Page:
Its other exemplary feature was, as Horizon put it, “the story’s core maturity” in its examination of the issue of censorship (which remains all too relevant in our own world). “It’s refreshing to find a story with a strong moral that doesn’t overplay its hand,” JohnPerry said, and Chris agreed: “The lesson at the end was a great mix of blunt, important, and thoughtful.” Amid all its silliness, it treats its characters and their decisions with respect: “Twilight’s presented with several easy outs, any one of which could have plausibly worked given the conceits of canon, but refuses them and stands on principle, to everyone’s immediate discomfort and ultimate benefit,” Horizon said. “Aside from Luna’s early anachronistic wrath, everyone acts reasonable, and the different sides of the conflict are all presented as having legitimate reasons driving their actions.”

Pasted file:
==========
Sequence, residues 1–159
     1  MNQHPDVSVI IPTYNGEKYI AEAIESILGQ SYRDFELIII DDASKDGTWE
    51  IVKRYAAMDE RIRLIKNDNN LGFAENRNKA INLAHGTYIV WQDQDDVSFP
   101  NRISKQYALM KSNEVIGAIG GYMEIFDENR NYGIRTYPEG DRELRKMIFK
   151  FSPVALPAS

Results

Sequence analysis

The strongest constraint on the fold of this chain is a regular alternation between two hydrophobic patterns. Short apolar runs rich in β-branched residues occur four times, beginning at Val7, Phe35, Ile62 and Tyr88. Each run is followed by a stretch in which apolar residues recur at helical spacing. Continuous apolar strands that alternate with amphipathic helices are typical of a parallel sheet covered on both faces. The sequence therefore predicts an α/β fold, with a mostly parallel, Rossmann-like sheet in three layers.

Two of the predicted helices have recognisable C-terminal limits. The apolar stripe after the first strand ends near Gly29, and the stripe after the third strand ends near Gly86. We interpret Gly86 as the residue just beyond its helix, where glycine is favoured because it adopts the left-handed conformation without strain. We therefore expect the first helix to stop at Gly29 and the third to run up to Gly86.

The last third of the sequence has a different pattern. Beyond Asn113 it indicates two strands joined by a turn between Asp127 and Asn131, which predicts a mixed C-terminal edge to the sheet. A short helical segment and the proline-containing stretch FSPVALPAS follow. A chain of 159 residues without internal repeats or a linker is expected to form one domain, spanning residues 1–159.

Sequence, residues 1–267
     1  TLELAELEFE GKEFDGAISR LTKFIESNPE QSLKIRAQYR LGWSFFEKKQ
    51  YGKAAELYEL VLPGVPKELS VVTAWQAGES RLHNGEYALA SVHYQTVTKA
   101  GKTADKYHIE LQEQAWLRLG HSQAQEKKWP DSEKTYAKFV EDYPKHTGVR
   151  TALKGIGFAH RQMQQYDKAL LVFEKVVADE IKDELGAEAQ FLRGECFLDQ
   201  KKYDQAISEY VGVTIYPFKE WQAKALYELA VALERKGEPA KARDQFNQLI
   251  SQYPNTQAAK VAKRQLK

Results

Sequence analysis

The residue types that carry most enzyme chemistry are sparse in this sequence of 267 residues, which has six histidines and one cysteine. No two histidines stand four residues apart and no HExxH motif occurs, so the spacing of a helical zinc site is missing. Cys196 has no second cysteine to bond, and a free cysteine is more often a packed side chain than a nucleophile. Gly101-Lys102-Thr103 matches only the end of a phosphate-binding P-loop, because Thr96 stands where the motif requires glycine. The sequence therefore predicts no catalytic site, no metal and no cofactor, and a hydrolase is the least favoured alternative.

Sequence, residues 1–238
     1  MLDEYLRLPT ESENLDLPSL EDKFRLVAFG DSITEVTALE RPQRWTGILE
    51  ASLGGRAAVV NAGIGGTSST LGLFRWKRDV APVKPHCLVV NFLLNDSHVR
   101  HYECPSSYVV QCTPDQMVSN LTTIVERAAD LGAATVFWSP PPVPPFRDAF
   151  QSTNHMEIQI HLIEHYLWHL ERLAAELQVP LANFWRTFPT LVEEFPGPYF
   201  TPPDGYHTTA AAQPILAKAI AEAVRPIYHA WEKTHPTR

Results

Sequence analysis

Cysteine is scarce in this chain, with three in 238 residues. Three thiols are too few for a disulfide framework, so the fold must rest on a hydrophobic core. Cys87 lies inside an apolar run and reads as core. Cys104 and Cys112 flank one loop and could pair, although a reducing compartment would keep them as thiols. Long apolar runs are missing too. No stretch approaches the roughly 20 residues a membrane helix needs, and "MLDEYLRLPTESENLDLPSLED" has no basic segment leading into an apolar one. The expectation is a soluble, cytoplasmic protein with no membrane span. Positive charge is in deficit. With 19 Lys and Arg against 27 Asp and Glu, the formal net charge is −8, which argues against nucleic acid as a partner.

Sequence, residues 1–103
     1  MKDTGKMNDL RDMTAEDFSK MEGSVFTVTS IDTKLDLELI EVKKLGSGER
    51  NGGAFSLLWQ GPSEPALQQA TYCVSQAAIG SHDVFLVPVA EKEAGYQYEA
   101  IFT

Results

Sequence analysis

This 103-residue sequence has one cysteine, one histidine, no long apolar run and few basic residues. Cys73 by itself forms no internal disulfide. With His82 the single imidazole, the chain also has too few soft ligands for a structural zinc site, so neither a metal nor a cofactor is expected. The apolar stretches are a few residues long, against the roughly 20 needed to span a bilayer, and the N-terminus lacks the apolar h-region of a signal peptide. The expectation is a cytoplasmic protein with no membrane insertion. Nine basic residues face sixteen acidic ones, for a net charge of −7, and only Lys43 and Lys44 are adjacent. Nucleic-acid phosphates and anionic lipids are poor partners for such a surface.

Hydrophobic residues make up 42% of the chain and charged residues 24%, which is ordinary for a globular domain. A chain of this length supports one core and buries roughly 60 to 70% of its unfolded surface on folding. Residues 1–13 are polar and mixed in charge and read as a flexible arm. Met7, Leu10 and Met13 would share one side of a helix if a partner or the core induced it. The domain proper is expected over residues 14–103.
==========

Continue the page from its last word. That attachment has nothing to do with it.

Those conflicts end up escalating into a climax and epilogue that “made me want to stand up and cheer,” Horizon said, and Present Perfect agreed: “The ending is rather unexpectedly epic.”

Read on for our author interview, in which anowack discusses meta-goals, mythological gifts, and mixing morality and grins.

Give us the standard biography.

In real life, I’m an exceedingly boring software engineer, who works for a company you’ve probably never heard of in a small town you’ve probably never heard of maintaining programs that you will almost certainly never use.

Here on the Internet, I’ve been writing fanfiction for over a decade, a lot of which is terrible.  My first significant effort was a Sailor Moon story — proving I was obsessing over girls’ cartoons long before it was cool — which, for reasons that no doubt seemed a good idea at the time, was largely about a mostly male counterpart team to the Sailor Senshi showing up and getting into counterproductive fights with them.  I like to think I’ve gotten slightly better since then.